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12 characteristics of meaningful nonfiction books

How meaningful books benefit both their readers and their authors

Meaningful books reflect several unique characteristics. They are neither fiction nor non-fiction, yet they benefit from many of the characteristics found in both.

1. Focused on change

Meaningful books exist to help their readers solve problems or achieve goals. Readers don't buy meaningful books to be entertained, nor do writers write meaningful books as creative expression. Yet, in order to succeed, meaningful books must be well-written and reflect the author's empathy with the reader's goals.


  
Meaningful books are categorized as nonfiction, yet the nonfiction term is too broad to describe a meaningful book. Books about history, for example, are typically referred to as nonfiction. Yet, book about building the Panama Canal is not a meaningful book. Neither is a book about the Microsoft Corporation.

But, books about getting hired by Microsoft, or surviving in its corporate culture, would qualify as meaningful books. An excellent example of a meaningful book is Richard Bolles' perennial best-seller, What Color Is Your Parachute?, which discusses what to do when you lose your job.

2. Target their readers

Meaningful books don't have to be best-sellers in order to be successful. Success in pop-culture terms, such as appearing on the USA Today best-seller lists, or at the top of Amazon.com's sales rankings, is not as important as the book's visibility and reputation among the author's target market.


  
Books like Nedra Kline Weinreich's Hands-On Social Marketing: A Step-by-Step Guide that, year after year, become "required reading" in their field do far more for the author than best-seller status would ever provide.

The true measure of a book's success is the quality of the relationships the book builds with the author's target market, rather than the book's popularity among professional critics, book reviewers, or the general public.

3. Action oriented

Meaningful books provide detailed, step-by-step, action plans for their readers. They describe what should be done, and when it should be done. Readers typically learn how to assess their present situation, and what steps to take to achieve the change they desire. This is the formula that "evergreen" books like C. J. Hayden's Get Clients Now! follow.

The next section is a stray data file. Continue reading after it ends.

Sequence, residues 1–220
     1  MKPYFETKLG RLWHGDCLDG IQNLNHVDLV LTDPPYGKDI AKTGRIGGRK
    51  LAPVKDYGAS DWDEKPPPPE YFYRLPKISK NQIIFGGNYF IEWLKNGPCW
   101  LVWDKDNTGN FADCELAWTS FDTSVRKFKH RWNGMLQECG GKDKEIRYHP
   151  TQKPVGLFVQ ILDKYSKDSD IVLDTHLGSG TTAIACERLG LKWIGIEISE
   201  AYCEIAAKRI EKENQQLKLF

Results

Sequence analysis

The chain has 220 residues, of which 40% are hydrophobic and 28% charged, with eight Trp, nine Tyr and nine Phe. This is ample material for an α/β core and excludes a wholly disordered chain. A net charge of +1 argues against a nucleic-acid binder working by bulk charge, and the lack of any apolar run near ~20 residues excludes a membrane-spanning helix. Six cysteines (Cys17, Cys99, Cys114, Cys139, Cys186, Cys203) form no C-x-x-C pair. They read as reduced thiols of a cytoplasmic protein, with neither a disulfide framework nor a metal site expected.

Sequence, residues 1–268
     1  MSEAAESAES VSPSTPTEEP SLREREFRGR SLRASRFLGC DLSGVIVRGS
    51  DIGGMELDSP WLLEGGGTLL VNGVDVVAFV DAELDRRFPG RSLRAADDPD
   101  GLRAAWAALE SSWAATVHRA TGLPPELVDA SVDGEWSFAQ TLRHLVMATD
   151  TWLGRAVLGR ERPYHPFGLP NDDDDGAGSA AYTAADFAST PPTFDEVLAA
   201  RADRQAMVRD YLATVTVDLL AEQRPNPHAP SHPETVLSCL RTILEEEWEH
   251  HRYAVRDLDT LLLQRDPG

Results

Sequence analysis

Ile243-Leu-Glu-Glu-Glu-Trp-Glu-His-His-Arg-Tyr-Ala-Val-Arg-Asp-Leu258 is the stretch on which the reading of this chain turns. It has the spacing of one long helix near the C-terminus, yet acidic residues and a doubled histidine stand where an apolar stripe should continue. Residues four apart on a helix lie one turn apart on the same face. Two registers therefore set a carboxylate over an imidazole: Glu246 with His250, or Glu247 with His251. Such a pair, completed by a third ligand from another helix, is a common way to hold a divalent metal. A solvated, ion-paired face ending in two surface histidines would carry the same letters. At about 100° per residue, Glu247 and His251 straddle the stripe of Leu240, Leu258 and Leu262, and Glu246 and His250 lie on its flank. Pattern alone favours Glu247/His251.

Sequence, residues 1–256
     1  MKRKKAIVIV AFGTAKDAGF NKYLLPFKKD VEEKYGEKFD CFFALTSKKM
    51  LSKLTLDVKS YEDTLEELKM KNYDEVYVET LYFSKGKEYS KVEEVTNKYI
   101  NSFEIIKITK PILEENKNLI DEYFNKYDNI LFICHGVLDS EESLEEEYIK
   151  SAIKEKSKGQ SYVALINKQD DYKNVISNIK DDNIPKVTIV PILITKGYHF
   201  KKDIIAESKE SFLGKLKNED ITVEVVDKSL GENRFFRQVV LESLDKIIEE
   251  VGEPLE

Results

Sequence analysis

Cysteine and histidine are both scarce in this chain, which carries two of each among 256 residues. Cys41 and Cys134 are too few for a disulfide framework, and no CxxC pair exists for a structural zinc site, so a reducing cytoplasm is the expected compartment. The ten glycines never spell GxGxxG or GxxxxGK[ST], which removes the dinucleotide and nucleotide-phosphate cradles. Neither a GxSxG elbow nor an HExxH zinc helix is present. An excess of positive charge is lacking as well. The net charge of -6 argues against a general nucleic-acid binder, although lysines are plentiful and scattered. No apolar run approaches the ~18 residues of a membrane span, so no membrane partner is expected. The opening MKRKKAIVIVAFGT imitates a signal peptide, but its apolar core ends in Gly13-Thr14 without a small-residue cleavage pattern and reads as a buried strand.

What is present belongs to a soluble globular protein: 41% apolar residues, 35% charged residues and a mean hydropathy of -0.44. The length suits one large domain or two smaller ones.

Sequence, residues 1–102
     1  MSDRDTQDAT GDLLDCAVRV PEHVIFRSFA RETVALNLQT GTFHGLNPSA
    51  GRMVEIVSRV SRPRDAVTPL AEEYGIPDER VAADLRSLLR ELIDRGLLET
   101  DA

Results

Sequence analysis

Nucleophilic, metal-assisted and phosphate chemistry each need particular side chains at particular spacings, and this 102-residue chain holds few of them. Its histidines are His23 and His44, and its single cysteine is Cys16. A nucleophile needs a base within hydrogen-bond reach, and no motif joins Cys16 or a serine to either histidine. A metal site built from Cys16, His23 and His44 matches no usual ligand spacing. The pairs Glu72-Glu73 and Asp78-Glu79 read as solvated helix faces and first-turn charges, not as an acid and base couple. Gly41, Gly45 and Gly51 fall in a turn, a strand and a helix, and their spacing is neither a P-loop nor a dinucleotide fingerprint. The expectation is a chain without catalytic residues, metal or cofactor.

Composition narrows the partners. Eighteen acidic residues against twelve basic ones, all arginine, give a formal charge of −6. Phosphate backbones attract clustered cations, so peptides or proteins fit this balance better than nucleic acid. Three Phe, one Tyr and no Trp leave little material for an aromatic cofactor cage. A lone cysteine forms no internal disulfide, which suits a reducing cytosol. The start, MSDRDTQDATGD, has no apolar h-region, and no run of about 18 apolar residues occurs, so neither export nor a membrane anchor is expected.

This forward-looking action orientation is at odds with books that just offer impressions, observations, or a generalized "philosophy." It's one thing to describe and discuss problems like the shrinkage of the Middle Class in America, quite another to show Middle Class readers how to profit from the changes taking place and protect themselves in the future.

4. Invite participation

Meaningful books typically invite reader participation by including numerous assessments, checklists, questions, and worksheets. Often, the worksheets are provided as part of the chapters, although sometimes readers are instructed to visit the author's website to download and print-out the worksheets.


  
In addition, participation can also take the forms of online discussion forums and blogs associated with each chapter, as Sarah Susanka offers in her Not So Big Life book which applies the principles she developed in her Not so Big House architecture and design books to the challenge of life-planning.

5. Chunked information

Although meaningful books offer all the information needed to solve a problem or achieve a goal, the information is never presented in a single, unbroken, narrative. Instead, information is chunked.

Information is typically delivered in numerous, relatively short chapters that are--themselves-- organized into a few major parts, or sections. This organization helps readers relate the information to their situation and immediately put the author's advice to work.

6. Frequently employ story techniques

Although not written primarily for entertainment, the best meaningful books are written as carefully and as engagingly as the best fiction. Meaningful books frequently include anecdotes and case studies that are as compelling as anything found in the fiction department.

An excellent example can be found in the excerpt from Ori Brafman and Rom Brafman's Sway: The Irresistible Lure of Irrational Behavior. You can access the excerpt here, or my comments and map of the book here.

7. Transparent titles

Unlike fiction titles, which can be as off-the-wall and "creative" as desired, meaningful books are usually introduced by titles that make their intended change as clear and obvious as possible.


  
A successful title makes it immediately obvious who the book was written for, and what is the change--or benefit--is that the book will help its readers enjoy.

These titles are often accompanied by subtitles that provide more information and amplify the benefit. Often, the title answers the "how" question by emphasizing the author's approach, or the author's qualification, i.e., "A heart surgeon's frank look at exercise for on-the-go executives and business professionals."

Often, a great deal of specificity is built into the titles of meaningful book. Titles frequently describe the number of steps involved in the process, or the length of time it will take readers to enjoy the desired change.

7. Continuing dialog